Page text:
New Italian Films at the Walter Reade

The Film Society of Lincoln Center is midway into their annual survey of Italian film, a program that has become as important as the Rendezvous with French Cinema. This year, I've been up to my ass in alligators for almost all of the press screenings, but I did manage to see on film for Jewish Week, and my review, which did appear on their pages, didn't make it to the website. So here it is:

In the eight months following his liberation from Auschwitz and recovery from typhoid and malnutrition, Primo Levi took a roundabout journey home from Poland by way of Ukraine, Belarus, Moldova, Romania, Austria and Germany. He documented that strange odyssey in his second book, “The Truce” (also know as “The Reawakening”), a surprisingly humorous and immensely moving volume that should be as well known as his more famous writings about the death camps.

It is that volume, rather than its better-known brethren, that is the jumping-off point for a new documentary by Davide Ferrario, “Primo Levi’s Journey,” which will be shown by the Film Society of Lincoln Center as part of their annual showcase of new Italian films this month. And like its literary model, “Journey” meanders usefully across the now-changed landscape of Eastern Europe.

When Levi and his compatriots rode by train across these countries, they had been devastated by five years or more of war. Ferrario and his crew are surveying a landscape less blasted by events but buffeted by an only slightly less violent series of upheavals, the slow-motion collapse of the Soviet system, the lightning-fast end of the Communist era and the traumas of a globalized, unchecked capitalism installing itself. With Levi’s own words (beautifully read by Umberto Orsini) as an occasional guide, the filmmakers attempt to read the future from the past.

While they may not succeed in that endeavor, they paint a convincing picture of a Europe not nearly as changed as it might be. Indeed, one of the most sobering aspects of “Primo Levi’s Journey” is the realization that most of the small towns and cities that Levi and his fellow survivors passed through have change little, mainly through the addition of excruciatingly unattractive Stalin-era architecture and the no-less-dubious ornamentation of Socialist Realist sculptures and monuments. The towns of Poland are filled with pensioners who have been displaced by the new, more efficient methods of Western capital, Ukraine seemingly has exchanged the nationalist fervor of five years earlier for the more homogenized rubbish of European pop culture at its worst, and the only “new horizons” heralded in Romania is the name of an Italian-owned leather goods factory that employs a fifth of the labor force that it would have used before 1989. The oilfields of Ploesti are still ablaze at night, exactly as Levi described them fifty years earlier, and Ferrario finds a bunch of virulent and bullet-headed neo-Nazis on the streets of Munich. This truly is, as one of the film’s chapters is titled, “The New Old Europe.”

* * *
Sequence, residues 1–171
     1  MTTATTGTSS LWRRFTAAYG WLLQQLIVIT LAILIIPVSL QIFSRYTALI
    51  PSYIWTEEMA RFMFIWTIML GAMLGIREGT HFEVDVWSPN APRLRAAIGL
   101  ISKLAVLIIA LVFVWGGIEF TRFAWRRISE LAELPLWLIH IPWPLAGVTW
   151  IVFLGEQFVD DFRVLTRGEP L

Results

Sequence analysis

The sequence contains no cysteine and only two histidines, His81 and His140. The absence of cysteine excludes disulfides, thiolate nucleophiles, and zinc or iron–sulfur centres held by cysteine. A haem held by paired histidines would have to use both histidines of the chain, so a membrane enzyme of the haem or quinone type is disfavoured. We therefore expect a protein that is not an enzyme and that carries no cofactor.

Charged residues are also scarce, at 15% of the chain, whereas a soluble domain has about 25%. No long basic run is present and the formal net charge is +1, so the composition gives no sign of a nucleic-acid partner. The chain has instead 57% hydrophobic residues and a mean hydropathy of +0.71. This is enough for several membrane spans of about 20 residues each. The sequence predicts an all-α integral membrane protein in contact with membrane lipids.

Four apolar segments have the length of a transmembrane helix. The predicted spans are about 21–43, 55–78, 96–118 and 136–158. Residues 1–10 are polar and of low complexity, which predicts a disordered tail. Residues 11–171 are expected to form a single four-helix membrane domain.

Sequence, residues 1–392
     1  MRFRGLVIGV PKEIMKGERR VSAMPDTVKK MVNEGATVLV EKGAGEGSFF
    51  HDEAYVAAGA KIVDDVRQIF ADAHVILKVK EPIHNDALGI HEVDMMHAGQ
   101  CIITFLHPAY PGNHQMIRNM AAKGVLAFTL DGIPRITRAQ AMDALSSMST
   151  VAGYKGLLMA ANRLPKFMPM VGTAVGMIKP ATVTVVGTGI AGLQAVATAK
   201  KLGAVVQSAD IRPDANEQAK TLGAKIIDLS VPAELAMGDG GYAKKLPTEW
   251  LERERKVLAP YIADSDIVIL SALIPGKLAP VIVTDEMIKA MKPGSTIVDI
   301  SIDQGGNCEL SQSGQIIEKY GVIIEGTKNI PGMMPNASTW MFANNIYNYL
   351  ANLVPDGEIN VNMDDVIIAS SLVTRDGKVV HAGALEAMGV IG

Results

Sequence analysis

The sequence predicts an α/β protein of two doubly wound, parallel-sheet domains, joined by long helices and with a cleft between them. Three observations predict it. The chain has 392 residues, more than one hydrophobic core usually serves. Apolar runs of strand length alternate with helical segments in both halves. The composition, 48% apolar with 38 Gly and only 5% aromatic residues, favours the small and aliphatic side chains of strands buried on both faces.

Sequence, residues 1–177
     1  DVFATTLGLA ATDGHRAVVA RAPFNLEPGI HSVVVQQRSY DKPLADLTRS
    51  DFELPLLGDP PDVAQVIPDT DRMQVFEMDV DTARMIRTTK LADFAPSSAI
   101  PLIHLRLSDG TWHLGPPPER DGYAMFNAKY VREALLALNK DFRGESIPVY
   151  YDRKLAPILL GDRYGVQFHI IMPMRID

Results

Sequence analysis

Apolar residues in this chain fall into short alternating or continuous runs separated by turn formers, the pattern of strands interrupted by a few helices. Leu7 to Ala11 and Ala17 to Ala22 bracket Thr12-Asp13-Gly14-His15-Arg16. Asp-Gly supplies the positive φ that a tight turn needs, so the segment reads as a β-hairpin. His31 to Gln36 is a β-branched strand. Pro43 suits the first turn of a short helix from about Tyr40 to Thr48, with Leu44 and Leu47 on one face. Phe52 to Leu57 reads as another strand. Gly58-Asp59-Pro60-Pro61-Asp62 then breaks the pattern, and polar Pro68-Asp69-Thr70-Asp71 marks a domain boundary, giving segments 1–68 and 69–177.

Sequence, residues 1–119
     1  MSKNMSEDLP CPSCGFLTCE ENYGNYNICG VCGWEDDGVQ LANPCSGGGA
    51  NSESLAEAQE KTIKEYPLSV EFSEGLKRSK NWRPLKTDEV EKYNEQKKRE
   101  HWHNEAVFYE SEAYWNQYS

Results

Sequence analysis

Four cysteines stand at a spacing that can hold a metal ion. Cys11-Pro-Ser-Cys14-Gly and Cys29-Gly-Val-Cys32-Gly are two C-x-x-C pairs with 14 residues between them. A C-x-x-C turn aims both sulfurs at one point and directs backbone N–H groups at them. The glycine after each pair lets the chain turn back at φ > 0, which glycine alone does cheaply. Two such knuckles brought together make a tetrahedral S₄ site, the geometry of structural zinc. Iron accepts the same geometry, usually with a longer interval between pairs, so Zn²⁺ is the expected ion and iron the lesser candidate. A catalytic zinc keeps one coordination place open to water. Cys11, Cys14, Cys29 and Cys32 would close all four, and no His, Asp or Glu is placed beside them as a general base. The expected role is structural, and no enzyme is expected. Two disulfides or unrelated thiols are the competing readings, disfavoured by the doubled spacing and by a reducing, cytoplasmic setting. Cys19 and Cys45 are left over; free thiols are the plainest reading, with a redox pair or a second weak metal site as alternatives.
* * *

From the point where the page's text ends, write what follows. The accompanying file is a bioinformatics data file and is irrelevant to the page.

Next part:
In “The Truce” Levi wrote of the final homecoming as being a trial in which the agonizingly earned knowledge of the returnees would be measured against what they found at home. In “Primo Levi’s Journey,” it is his the writer’s old friend and colleague, Mario Rigoni Stern, who offers the final verdict, “I have the treasure you left me, which helps me be less stupid and mean.” But one cannot help but wonder after seeing this film if Levi’s treasure has similarly enriched the rest of us.

“Primo Levi’s Journey” will be shown at the Walter Reade Theatre (70 Lincoln Center Plaza) as part of their series “Open Roads: New Italian Cinema,” which plays through June 14. “Journey” will be shown on Wednesday, June 13 at 6:30 p.m. and Thursday, June 14 at 2 p.m. For information, phone 212-496-3809 or go to